The more “open” and “connected” our online worlds become, the less emphasis on quality there seems to be. Think about what an article needed to go through to be published decades ago. Hours of editing and desk editing and layout and styling. And when it was finally out to see the light, it was there forever.

The focus then was on quality, the privilege of being published and read by the public.

Is being published now a privilege?

In her book The People’s Platform, Astra Taylor argues that websites like Buzzfeed’s primary job is to “game social networks”. She calls viral posts content-posers, only pretending to be the content readers are used to in the traditional sense. Published interactions, if you will.

These website are so full of content. Full of content is a strange sentence to say, because “content” itself is an abstract term. But they mainly depends on user and staff-generated listicles, the more and sillier the better, because that’s what people share. If it works, it’s successful.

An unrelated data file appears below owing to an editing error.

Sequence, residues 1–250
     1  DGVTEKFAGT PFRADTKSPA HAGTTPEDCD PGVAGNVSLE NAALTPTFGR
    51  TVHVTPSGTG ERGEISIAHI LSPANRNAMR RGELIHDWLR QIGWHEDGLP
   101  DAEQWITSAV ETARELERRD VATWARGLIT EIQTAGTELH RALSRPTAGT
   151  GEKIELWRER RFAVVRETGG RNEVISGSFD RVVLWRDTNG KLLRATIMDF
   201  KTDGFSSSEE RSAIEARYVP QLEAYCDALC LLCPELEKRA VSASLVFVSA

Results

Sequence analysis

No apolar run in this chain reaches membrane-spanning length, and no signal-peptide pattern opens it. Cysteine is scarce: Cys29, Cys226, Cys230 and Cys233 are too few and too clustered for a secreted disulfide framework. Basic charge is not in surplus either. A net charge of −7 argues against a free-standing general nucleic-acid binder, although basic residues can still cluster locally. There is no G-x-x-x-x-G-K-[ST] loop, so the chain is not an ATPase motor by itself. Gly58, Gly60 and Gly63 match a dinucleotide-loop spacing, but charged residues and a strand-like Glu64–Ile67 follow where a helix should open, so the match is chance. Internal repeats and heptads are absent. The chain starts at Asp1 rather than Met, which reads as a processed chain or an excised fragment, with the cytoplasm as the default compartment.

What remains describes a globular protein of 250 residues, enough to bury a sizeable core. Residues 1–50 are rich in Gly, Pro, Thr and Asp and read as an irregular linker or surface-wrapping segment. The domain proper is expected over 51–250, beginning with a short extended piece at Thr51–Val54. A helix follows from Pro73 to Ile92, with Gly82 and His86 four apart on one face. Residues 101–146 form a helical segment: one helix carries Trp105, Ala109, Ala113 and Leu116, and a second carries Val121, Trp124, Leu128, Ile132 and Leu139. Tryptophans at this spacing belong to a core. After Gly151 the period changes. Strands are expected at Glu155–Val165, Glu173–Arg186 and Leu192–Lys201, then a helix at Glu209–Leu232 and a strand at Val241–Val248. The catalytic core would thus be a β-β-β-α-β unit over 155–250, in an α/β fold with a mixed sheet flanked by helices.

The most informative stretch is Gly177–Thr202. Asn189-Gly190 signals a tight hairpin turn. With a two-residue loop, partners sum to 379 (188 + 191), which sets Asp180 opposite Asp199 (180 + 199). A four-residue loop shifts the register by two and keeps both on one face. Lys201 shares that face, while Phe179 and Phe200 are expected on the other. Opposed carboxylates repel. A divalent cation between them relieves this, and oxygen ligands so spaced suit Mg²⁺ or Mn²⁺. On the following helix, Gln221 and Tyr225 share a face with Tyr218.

Taylor puts it in a way that compares journalism as an industry to something that almost lost its ground and is starting to follow were the users want to go instead of lead the cultural discussion:

“We are entering a new age where every aspect of a creative artifact’s life can be quantified, measured, and analyzed. The filter bubble and journalism have collided: a generation of newmedia moguls targets its products to respond directly to readers’ whims, scouring search engine trends, poring over most-e-mailed lists, and crafting content.”

Though it might seem harmless to have these kinds of light websites, the effect can turn around and hurt the quality of web content with every bar the user (even unintentionally) lowers. The effects are already starting to show in how mainstream media is changing their game.

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Several mainstream media are being called out for not covering important happenings now, and not until the criticism goes viral that these media outlets pay attention, because they are becoming more and more viral-oriented, rather than quality-oriented.